One US state has reached a new high in coronavirus hospitalisations for the third time in four days as its government continues to ease restrictions.
On Friday (local time), 2,166 patients were in hospitals in Texas with COVID-19 - 13 more than the previous peak, which was reached on Wednesday.
The state’s overall virus death toll sits at 1939 after 19 deaths were reported on Friday. Officials also confirmed almost 2100 new infections, taking the number of cases in Texas to 83,680.
However, the actual number is likely higher because many people have not been tested. Studies have found that many people can be infected and not feel sick, so they may not seek testing.
The spike in cases prompted Houston’s top county official, Lina Hidalgo, to warn that “we may be approaching the precipice of a disaster.”
Meanwhile, the state went ahead with allowing restaurants to expand eat-in dining Friday to 75 per cent of capacity, up from 50 per cent.
“Oh, yeah, I’ve been concerned,” 32-year-old Renata Liggins said as she settled in front of a plate of brisket at Black’s Barbecue in Austin.
But “it just feels I can finally breathe a little bit,” Ms Liggins added.
Republican Gov. Greg Abbott “is making pretty clear at this point he wants the economy to open,” a worried Austin Mayor Steve Adler said.
“My hope is that when he sees what kind of surge there’s going to be, he does act at a state level,” he said.
Cases soar while states reopen
Alabama, which began reopening in early May, has seen more than a quarter of the state’s 23,000 cases come in the past two weeks as Republican Gov. Kay Ivey emphasised personal responsibility.
Arkansas, which has seen both hospitalisations and active cases more than double since Memorial Day, reported its largest one-day spike in new coronavirus cases Friday.
Governor Asa Hutchinson said at least 11,547 people in the state have tested positive for the virus, an increase of 731 cases over Thursday.
Hutchinson said he expected more increases in the coming week but would press ahead with plans to further ease virus restrictions on businesses starting Monday.
Capacity limits will be increased for restaurants, bars, theatres and other businesses while other social distancing restrictions remain in place.
Arizona has become one of the most troubling hot spots in the US as new cases have surged to more than 1,000 a day, up from fewer than 400 before stay-at-home orders expired in mid-May.
“We are not going to be able to stop the spread, and so we can’t stop living as well,” Arizona Health Director Dr. Cara Christ said, while Republican Governor Doug Ducey has given assurances the health care system can handle it.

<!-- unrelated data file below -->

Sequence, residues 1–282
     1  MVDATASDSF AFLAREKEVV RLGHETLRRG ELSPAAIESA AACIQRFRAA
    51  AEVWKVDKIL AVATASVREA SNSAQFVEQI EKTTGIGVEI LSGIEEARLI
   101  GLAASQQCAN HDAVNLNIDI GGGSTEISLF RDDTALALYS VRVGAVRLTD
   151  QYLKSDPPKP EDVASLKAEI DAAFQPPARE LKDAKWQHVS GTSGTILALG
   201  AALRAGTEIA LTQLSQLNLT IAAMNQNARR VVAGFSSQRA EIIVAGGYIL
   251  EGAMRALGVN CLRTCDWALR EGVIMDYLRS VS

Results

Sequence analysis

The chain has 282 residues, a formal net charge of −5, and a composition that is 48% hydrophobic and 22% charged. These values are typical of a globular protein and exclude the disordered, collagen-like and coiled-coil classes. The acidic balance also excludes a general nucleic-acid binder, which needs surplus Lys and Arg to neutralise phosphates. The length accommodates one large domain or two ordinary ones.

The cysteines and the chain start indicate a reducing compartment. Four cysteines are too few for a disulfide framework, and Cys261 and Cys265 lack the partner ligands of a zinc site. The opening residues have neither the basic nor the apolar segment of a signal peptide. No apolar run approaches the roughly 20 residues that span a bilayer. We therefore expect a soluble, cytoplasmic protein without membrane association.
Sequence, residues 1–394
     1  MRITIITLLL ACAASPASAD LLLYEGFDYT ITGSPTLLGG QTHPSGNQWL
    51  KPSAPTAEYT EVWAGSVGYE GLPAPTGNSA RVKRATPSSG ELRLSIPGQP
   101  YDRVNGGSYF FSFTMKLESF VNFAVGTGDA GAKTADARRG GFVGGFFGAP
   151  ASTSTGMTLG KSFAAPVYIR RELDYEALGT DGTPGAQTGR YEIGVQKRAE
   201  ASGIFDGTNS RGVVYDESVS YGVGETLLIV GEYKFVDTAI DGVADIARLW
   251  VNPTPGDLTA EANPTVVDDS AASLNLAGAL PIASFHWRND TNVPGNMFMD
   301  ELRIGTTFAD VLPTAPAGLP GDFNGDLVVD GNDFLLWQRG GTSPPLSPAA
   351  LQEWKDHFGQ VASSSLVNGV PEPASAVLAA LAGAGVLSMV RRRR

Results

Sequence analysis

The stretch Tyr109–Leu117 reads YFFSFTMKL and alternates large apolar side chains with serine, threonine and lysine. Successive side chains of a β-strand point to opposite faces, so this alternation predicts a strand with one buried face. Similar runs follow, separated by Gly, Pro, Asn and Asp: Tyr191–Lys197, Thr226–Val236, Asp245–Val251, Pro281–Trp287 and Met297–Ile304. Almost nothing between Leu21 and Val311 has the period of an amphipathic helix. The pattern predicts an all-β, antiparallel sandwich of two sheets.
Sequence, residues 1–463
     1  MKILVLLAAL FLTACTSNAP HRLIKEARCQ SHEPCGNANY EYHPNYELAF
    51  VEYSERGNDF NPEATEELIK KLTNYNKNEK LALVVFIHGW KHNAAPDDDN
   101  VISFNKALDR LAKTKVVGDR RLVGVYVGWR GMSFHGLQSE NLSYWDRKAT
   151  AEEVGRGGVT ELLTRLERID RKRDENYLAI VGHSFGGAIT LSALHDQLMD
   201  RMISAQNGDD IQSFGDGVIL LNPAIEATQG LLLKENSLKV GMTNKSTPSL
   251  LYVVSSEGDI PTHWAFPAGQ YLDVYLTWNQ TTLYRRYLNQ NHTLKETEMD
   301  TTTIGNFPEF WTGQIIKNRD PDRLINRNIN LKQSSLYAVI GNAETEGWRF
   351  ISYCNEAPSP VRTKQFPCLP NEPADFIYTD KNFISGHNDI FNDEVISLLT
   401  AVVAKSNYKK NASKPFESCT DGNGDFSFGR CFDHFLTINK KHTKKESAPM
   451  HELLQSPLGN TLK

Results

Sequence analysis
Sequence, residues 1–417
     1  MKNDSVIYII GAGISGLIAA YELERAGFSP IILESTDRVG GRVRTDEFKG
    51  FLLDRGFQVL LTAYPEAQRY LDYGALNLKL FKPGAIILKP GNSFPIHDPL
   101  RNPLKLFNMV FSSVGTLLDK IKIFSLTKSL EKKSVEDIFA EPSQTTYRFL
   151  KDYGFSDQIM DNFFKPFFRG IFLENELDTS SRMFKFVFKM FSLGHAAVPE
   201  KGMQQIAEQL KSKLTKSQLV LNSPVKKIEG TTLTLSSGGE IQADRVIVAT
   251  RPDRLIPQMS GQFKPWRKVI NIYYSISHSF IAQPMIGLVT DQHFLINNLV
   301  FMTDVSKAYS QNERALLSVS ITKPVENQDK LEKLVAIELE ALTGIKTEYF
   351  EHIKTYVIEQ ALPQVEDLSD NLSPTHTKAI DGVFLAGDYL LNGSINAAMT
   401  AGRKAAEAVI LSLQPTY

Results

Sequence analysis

California, which implemented the country’s first statewide stay-at-home order, entered the most expansive phase of its gradual reopening Friday.
Wineries started uncorking their bottles and welcoming people back to their tasting rooms, and hotels, zoos, museums and aquariums were also allowed to reopen.
San Francisco restaurants resumed outdoor dining, and the San Diego Zoo opened on a limited basis.
Health officials in Oklahoma warned Friday that a spike in coronavirus cases in the Tulsa area is linked to indoor events and people who attend such gatherings should take health precautions.
The warning comes a week before President Donald Trump is scheduled to hold a campaign rally at the city’s BOK Center, which has a listed seating capacity of more than 19,000. Stephens said the warning was unrelated to the rally.
So far, only a small number of governors have shown a willingness to retreat, or at least hit pause.
Republican Gov. Gary Herbert of Utah and Democratic Gov. Kate Brown of Oregon said they would halt lifting further restrictions for the time being as new cases flare.
“As I’ve said before, reopening comes with real risk,” Brown said in announcing a one-week pause that will affect, among other places, Portland, the state’s biggest city.
She said the increase in positive test results was caused in part by the reopening of some counties. Oregon reported 178 new cases Thursday, the highest count since the outbreak began.
with Associated Press.
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